Urgent Health UK urges NHS England to collect more comprehensive data on urgent and emergency care

Submitted by Sarah Fletcher on Tue, 07/02/2017 - 22:32

Urgent Health UK, the body representing nearly half of all NHS 111 and Out of Hours GP providers in the country, has today released new analysis of outcomes and referrals data from their services. Out of Hours services are one of the only service areas omitted from NHS England’s data collection processes.
 
In November 2016, NHS England released guidance on Integrated Urgent Care Key Performance Indicators, which stressed that to measure the success of Integrated Urgent Care services, new data will be required.
 
The body has collated the data to demonstrate the significant role Out of Hours providers play in reducing pressure on emergency services. Eight anonymised member organisations, who are collectively responsible for providing NHS 111 and Out of Hours services to over 8 million people, submitted data covering a 12 month period from June to December 2016.
 
The findings include:

  •  Out of Hours services received 118 calls per 1,000 people served – of those calls, 29 were direct from patients and over 80 were received from NHS 111
  •  Of those that called or were transferred to Out of Hours services, 68% were dealt with by primary care or community services.
  •  45% of patients were dealt with over the phone, 42% of patients were seen in a treatment centre and 12% received a home visit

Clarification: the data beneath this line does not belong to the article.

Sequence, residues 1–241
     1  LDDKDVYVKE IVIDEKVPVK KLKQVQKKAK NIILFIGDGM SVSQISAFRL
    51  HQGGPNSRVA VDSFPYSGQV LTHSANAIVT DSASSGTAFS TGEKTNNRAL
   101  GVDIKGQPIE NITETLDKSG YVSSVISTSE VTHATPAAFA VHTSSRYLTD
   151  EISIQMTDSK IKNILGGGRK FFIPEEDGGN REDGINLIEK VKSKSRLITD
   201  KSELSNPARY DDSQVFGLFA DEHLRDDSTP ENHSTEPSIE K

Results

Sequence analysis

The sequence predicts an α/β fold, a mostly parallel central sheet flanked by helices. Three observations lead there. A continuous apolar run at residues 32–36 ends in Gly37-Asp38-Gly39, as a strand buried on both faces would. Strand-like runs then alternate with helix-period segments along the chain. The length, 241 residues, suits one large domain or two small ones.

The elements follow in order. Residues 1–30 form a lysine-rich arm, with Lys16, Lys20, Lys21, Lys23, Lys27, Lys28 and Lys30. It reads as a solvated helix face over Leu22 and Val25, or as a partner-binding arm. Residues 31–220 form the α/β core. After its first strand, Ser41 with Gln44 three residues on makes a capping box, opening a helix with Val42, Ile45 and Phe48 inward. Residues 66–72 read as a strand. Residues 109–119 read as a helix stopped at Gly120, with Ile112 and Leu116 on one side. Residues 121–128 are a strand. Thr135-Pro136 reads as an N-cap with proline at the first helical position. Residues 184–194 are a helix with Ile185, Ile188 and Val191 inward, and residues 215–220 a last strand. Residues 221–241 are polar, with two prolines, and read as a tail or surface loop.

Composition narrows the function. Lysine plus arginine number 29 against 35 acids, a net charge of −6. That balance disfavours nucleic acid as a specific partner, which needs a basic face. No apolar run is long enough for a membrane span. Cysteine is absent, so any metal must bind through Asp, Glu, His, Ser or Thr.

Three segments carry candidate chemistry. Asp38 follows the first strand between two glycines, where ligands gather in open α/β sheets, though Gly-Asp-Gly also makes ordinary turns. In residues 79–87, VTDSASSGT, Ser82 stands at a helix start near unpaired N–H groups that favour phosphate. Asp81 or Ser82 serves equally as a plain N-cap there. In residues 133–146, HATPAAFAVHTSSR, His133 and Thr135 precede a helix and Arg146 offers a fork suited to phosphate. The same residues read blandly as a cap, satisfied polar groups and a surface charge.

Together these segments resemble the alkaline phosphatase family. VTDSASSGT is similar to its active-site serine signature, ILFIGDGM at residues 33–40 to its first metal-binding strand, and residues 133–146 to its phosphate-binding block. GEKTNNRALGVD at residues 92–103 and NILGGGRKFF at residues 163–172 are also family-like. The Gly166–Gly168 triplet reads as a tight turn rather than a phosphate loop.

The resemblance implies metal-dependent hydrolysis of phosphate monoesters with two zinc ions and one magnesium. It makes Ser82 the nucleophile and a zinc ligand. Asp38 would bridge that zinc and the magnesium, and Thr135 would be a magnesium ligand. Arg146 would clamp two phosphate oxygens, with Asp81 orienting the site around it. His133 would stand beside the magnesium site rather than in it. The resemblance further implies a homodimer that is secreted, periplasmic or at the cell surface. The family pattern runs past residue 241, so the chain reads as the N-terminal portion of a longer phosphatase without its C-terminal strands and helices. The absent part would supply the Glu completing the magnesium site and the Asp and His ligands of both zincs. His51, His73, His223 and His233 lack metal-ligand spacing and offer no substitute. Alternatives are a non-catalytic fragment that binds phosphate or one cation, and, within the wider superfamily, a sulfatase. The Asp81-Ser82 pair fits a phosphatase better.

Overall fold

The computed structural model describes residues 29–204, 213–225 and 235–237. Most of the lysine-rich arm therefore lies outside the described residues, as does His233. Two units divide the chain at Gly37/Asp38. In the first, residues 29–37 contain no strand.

•  Out of Hours services referred only 5.6% of the patients they dealt with to A&E/ambulance services
  •  If this data is scaled up for England (c. 53 million people) – medical Out of Hours services receive around 6.3 million calls a year, with 4.3 million patients being seen in the community and just 350,000 patients being referred to A&E/ambulance services

 
Chair of Urgent Health UK, Simon Abrams, commenting saying:
 
“The pressure felt on emergency services over the winter period has been well documented, but it is important attention is also focused on services such as Out of Hours, and that they are given recognition for their track record at reducing pressure on the acute system.
 
“New commissioning standards must take full account of the different services that contribute towards urgent and emergency care – only in doing this will patients be offered a service that treats them in the right place and at the right time.”